Vientiane, Laos

There are over 6,000 Buddha images at Wat Si Saket, the oldest surviving temple in Vientiane, Laos's pleasantly relaxed capital along the Mekong River.

These novice monks came from different areas of Laos to live and study at Wat Si Saket monastery.

View from atop Patuxai or Victory Gate

Pha That Luang is the national symbol of Laos. This stupa is believed to house relics (body parts) of the Buddha.

Wat Ong Teu

Soccer game along the Mekong River, the natural border between Laos and Thailand...

Thailand and its fleeting cellphone towers lie just across the Mekong from Vientiane, the easy-going capital of Laos.



View in a restaurant in Naha. The islands of Okinawa in southern Japan are known for their tropical beaches and beautiful blue sea. Okinawa is also famous for the longevity of its residents. There are more centenarians (people over 100) here per capita than anywhere else in the world.

Naha monorail

Tropical fish at market

On Kokusai dori in Naha

There are over a dozen American military bases on the main island of Okinawa, which take up 18% of the land on the island. Most of the island's residents are opposed to the American military presence. This fence on Henoko Beach was built recently to demarcate the boundary of a base. This sign found near the fence reads, "This is Okinawan land. We don't need American bases."

Marië and I visited a local organic farmer who chatted with us for a bit. Shown are rows of his peppers.

Okinawa soba

At the Okinawa Churaumi Aquarium...

Leaving Japan

Kyoto and Nara

Raindrops on the shinkansen (bullet train)

Giant Buddha at Todai-ji in Nara

Marië and deer

After a hike in the mountains outside the city, we descended down to a river with restaurants built up on the water. Some even sent soba noodles down a slide of cold river water to patrons of the restaurant.

At the entrance of every shinto shrine, there is water to wash your hands and mouth.

Wishes written on paper are hung on bamboo once a year for Tanabata, a Japanese star festival.

Two women ring bells in front of a shinto shrine.

At shrines, folks can make a small donation to receive omikuji, fortunes on small strips of paper. If the fortune is bad, one ties the paper up on a row of metal wires in hopes of leaving the bad luck behind.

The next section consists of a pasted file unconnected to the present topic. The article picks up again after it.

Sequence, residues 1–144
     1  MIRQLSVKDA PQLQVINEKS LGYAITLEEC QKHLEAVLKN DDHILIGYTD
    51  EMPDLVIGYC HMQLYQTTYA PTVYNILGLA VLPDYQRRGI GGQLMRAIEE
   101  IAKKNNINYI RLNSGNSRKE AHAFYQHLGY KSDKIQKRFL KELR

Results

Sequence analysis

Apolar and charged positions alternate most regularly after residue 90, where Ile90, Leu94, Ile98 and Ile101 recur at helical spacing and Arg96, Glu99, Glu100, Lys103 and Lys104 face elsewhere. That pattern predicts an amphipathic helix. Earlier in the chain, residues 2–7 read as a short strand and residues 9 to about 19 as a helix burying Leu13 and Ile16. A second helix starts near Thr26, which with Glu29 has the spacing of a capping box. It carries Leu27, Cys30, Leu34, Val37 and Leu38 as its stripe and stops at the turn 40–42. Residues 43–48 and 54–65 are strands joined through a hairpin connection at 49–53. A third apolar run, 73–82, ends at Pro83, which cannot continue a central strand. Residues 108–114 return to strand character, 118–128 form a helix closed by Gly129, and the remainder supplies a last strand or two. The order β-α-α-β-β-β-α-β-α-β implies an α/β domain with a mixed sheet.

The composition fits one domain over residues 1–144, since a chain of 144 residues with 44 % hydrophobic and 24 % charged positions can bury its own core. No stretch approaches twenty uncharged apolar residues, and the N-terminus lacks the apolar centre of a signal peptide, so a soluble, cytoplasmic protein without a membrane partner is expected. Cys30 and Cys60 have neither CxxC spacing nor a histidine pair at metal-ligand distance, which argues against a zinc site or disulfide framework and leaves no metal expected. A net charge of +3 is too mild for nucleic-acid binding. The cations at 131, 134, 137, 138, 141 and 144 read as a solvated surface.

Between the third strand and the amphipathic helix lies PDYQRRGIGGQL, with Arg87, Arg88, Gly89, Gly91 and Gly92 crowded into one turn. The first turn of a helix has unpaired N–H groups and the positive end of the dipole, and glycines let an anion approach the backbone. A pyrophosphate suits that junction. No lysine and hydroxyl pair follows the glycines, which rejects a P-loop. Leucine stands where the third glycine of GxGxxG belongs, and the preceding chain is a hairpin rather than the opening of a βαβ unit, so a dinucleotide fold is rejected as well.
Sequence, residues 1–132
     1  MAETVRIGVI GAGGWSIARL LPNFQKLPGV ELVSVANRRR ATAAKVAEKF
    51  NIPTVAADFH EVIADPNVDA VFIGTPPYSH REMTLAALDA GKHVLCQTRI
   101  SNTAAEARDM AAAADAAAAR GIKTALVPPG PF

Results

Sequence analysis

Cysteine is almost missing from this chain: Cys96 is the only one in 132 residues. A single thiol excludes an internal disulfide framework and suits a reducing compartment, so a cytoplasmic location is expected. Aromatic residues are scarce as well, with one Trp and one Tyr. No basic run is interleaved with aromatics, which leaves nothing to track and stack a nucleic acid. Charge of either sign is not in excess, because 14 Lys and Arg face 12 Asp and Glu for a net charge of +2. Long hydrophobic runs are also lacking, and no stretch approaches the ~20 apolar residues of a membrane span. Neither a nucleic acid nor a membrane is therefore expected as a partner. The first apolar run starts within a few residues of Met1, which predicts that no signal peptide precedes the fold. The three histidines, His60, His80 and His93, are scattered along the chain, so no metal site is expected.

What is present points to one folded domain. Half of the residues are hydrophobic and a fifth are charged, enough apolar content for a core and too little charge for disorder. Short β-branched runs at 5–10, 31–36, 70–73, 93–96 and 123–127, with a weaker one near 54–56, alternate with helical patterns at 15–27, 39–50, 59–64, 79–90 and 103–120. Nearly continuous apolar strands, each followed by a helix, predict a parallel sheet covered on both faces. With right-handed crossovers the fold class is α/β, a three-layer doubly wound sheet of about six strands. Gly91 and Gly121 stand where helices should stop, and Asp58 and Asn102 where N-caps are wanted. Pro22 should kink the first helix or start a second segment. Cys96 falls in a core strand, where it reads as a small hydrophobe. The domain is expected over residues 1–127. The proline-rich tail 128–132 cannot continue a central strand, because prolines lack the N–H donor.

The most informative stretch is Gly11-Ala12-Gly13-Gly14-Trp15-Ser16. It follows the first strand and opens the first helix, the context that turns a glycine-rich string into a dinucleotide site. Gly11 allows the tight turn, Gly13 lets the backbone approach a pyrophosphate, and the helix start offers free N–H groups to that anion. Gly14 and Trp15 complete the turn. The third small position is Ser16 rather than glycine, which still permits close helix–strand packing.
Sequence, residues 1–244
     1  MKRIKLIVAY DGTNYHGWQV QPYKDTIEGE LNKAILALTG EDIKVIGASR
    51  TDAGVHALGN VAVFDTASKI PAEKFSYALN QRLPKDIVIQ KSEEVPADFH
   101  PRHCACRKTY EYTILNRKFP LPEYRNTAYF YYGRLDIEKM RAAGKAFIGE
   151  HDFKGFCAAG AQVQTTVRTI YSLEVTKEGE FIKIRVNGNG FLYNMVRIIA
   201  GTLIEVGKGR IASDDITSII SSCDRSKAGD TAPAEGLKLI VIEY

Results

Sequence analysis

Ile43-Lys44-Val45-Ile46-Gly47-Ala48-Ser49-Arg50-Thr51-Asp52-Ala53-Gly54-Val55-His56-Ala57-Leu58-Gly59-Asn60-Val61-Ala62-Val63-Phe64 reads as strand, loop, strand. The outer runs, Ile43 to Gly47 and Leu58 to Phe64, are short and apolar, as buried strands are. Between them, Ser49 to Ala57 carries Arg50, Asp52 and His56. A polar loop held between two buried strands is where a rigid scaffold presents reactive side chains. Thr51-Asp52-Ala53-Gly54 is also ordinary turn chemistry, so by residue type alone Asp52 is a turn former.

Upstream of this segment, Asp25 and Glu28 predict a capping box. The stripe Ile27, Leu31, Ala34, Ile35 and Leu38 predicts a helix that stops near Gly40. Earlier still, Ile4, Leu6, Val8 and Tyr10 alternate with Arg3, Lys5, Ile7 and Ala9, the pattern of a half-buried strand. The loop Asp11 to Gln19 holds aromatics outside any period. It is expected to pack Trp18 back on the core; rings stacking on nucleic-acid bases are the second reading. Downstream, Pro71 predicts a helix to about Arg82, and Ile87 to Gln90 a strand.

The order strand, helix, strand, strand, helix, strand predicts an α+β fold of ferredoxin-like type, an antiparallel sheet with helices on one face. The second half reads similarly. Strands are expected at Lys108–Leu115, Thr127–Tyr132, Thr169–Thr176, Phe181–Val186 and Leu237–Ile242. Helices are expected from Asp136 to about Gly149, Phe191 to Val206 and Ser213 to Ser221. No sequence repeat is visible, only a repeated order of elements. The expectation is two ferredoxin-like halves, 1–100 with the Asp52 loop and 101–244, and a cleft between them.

Visiting Marië in Tokyo

The evening I arrived in Tokyo, Marië and her parents prepared a sumptuous feast of fresh fish. This was the first of many meals to sweep me off my feet.

At a train station...Toyko has the most extensive subway network in the world. There are a mind-boggling number of subway and train lines crisscrossing through the city and they travel very fast. Some of the lines are owned by the state, some are owned by the city and some are private. And, of course, stylish haircuts are everywhere.

In the shopping district of Ginza


Old barrels of sake

In Asakusa...I was very impressed with Toyko. Despite being one of the larger cities of the world, the streets are relatively quiet and there seems to be very little air pollution. Since everyone rides the trains, there's not an immense amount of traffic in most areas of the city. Coming up from the subway, you might feel like you're in a small town except that when you look up there are skyscrapers towering overhead. There are, of course, some exceptionally busy areas of the city, but in general, Tokyo feels neither noisy nor congested with cars. In Tokyo, I often felt like I had taken a trip through time into the Future. The way folks dressed, the immaculate condition of the streets and the efficiency of the trains all contributed to this feeling... (as well as having spent five months in India). And on top of this, I was amazed at how respectful and considerate the Japanese are. You don't hear their cell phone ringers and if speaking on their phones in public they put their hands over their mouth so as to minimize the disturbance to others. Once in a shoulder to shoulder crowd to enter a station, everyone politely waited their turn in line and I didn't even get bumped in the slightest way. I don't think I met a rude person in Japan. Sometimes, being in Japan made me feel like I come from a country of barbarians.

Many Japanese dress in extreme ways, taking fashion fads to the next level. From goth maids to 1950's greaser outfits, there's a bit of everything. Here an adult seems to be dressed as a child.

24-hour private karaoke room seen from the outside. Marië, Gabe and I rented a room here for a few hours and sang some classics while waited for morning so that we could catch the fish market at sunrise.

Fresh tuna at the Tsukiji Fish Market, the world's biggest seafood market...

Discarded boxes at market

Gabe, who happened to be on vacation with his family in Japan at the same time that I was there, enjoys hot miso soup before 7am. Adjacent to the fish market are several sushi restaurants that serve up some of the freshest fish in the world. We arrived as early as possible to avoid lines.

Sea urchin/uni

Marië took me to her uncle's beautiful vegetable garden outside Yokohama not far from the Tokyo metropolis. Above her father weeds the sweet potatoes. After helping in the garden, we soaked in a hot spring spa perched above a shopping mall that pipes its hot water from 1500 meters below the ground.

Marië and I took the train down the coast to the sleepy town of Yuguwara, where we stayed at a lovely hotel with hot springs on site. Pictured here is the amazing meal that was served in our room.